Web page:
Maxwell’s cast performs as if there were quotation marks around the play’s words and content. Sascha van Riel’s flimsy-looking, abstract set, with its handful of chairs and a big curtain at the back, underscores the perception of this stage as a stage, revealing the wings and the back wall of the playing area. Between scenes, there is no transition music or any effort to mask the change; rather, the actors march to their marks for the next scene in silence, adjusting the few pieces of furniture on the stage as necessary. Often, when a character leaves a “scene,” rather than disappearing into the wings, the actor will linger, watching the scene from which he or she is absent. When Massimo has sex with Isolde after Patrick has left the room, Patrick nonetheless observes them nonchalantly from a Barcelona chair on the other side of the stage. Music, when included, is presented self-consciously, played at scarcely audible volume or on a cell phone that Massimo carries. Toward the end, the actors don the medieval armor of Wagnerian drag to mock the weighty allusion of the title.
Maxwell’s direction and control of his aesthetic are very sure-handed. And he could hardly ask for a better cast. Jim Fletcher is always fascinating to watch: he projects a kind of corporeal solidity that detaches itself naturally from the words that, in Maxwell’s plays, flow somewhat mechanically from his mouth. Tory Vazquez’s Isolde convincingly emodies the ambivalent attitude toward the text, at once the lovelorn, dependent woman and an actress who forgets her lines and stands outside the events portrayed. Gary Wilmes manages to make the stereotypical Massimo three-dimensional enough while uttering fatuities about beauty, love and architecture. Though he gets considerably less stage time, Brian Mendes seems almost born to play “Uncle Jerry,” Patrick’s contracting buddy and advisor.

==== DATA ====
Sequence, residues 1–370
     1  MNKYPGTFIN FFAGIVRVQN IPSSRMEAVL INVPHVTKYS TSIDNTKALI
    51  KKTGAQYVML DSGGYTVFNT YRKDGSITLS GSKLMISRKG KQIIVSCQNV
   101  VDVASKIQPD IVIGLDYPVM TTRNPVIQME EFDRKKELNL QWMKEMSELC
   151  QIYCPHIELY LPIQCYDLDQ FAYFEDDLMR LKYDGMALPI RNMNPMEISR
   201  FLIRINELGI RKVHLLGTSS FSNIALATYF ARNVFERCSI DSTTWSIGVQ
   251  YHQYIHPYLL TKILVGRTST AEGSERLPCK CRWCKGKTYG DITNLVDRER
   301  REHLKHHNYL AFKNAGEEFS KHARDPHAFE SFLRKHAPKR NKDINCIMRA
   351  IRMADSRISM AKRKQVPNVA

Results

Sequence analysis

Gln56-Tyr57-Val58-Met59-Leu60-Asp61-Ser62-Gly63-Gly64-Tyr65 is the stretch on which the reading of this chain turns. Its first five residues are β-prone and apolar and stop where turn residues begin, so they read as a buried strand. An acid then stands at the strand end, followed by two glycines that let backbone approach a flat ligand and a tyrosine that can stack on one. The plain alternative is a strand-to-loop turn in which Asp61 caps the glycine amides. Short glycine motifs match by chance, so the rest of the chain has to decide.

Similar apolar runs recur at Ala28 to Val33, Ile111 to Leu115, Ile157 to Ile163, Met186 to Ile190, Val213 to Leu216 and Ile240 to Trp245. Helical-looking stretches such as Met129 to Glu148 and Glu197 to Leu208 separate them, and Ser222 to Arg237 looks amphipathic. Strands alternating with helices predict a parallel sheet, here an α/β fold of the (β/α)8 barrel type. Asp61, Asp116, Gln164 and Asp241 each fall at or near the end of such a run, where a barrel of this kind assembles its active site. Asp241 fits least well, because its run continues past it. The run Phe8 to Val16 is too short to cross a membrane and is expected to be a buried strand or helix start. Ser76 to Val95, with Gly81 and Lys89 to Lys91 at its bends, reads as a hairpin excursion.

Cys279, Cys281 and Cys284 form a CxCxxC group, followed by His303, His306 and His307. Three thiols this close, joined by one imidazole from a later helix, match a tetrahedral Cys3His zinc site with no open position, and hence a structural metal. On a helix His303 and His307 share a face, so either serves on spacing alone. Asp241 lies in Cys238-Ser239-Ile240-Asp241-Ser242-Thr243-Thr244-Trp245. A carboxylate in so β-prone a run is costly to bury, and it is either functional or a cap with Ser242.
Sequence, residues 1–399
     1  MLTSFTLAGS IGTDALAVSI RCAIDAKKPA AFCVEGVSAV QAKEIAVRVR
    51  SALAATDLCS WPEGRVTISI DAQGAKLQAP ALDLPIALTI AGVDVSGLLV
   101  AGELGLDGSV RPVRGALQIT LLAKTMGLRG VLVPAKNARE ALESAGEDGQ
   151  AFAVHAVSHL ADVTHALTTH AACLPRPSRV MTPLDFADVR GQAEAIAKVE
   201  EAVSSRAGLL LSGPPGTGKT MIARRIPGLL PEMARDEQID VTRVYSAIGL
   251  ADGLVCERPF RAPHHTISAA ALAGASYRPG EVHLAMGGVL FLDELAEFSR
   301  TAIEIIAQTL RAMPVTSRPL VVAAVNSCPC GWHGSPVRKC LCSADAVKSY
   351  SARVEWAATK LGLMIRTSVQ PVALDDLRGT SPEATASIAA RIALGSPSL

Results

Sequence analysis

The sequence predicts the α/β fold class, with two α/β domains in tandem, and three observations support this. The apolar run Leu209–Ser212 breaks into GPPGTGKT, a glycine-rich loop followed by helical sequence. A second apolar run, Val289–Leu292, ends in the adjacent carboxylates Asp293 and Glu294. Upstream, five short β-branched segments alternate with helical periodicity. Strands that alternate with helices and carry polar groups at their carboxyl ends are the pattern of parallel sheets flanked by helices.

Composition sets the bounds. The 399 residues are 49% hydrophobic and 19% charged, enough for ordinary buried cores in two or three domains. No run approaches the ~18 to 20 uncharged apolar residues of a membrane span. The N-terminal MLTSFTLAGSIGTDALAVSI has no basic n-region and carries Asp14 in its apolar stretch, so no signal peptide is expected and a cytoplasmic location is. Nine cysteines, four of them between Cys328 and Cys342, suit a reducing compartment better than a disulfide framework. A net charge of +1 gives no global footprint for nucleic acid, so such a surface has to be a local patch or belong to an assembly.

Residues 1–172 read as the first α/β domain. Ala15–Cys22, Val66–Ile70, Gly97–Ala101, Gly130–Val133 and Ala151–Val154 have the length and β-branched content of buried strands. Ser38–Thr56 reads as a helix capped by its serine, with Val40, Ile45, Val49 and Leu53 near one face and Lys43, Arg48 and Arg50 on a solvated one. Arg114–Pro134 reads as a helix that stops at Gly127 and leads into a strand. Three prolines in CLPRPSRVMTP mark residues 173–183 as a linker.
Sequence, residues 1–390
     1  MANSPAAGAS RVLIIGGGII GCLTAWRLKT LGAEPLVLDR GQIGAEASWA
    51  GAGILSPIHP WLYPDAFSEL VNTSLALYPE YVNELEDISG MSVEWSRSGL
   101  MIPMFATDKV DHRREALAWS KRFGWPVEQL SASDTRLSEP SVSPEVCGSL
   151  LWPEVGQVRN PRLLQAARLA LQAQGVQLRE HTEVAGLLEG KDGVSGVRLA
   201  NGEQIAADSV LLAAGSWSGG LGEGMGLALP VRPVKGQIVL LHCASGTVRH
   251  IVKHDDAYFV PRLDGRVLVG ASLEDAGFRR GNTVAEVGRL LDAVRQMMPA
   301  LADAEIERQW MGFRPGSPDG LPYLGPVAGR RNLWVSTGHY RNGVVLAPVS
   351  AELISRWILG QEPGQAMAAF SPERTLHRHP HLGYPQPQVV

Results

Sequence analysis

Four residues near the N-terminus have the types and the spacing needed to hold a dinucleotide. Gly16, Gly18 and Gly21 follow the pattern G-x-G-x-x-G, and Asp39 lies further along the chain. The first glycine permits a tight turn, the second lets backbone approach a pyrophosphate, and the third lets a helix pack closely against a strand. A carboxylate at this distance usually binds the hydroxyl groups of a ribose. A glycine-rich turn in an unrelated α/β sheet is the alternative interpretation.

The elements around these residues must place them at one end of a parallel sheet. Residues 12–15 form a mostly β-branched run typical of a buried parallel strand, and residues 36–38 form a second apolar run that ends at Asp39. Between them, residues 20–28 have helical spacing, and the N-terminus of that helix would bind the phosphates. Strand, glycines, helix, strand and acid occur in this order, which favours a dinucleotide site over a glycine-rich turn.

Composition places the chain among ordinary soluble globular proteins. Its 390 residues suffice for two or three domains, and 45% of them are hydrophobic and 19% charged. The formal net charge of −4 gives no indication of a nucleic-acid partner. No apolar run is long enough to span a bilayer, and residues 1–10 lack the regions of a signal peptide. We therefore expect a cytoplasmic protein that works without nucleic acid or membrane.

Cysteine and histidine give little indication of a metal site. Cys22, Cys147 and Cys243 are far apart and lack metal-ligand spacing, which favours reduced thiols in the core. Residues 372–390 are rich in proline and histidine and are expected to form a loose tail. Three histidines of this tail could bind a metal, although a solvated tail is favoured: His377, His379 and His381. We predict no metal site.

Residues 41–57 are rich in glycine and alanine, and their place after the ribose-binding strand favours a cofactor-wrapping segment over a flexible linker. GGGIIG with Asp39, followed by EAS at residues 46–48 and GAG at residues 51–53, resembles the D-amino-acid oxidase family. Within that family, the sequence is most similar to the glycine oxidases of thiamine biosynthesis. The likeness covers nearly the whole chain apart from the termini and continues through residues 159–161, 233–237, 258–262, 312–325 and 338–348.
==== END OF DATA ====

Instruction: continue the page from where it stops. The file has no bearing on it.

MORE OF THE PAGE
There are many pleasures to be found in the meta-theatricality of the production and the fine gradations in the acting that are necessary to communicate the different levels on which Maxwell operates. This approach, seen in European theater, though rare in the U.S., has been well articulated by Paul Binnerts in his book, Acting in Real Time. It rejects both the stylized alienation of Brecht and the false illusionism of Method acting, which dominates American theater, film and television. This species of post-dramatic theater intends to have a more direct relationship with the audience and an open acknowledgement of the artifices of theatrical representation.
Maxwell’s play does not, however, elude the sentimentalism and clichés of naturalistic theater. Naturalism, in the tradition of Ibsen, shows life driven by unavoidable fate; perhaps once Maxwell started writing in this genre, he couldn’t find a way to stop. Massimo winds up pleading, “Tell him… I’ll take a break. But I’m really looking forward to this project. I – I want to see this through for you. He can’t stop me from loving you. And this is my one chance to, because I really feel it this time, and I’m grateful for the opportunity.” Uncle Jerry, closes the play with a cri de coeur, “Ya ever feel like, alone? Like – that’s not what I mean. But like something will always be missing? Like, no one can hold you? Just want a space where you can be like, I don’t know, not feel that way.”
Richard Maxwell and New York City Players: Isolde continues at the Abrons Art Center (466 Grand Street, Lower East Side, Manhattan) through April 26.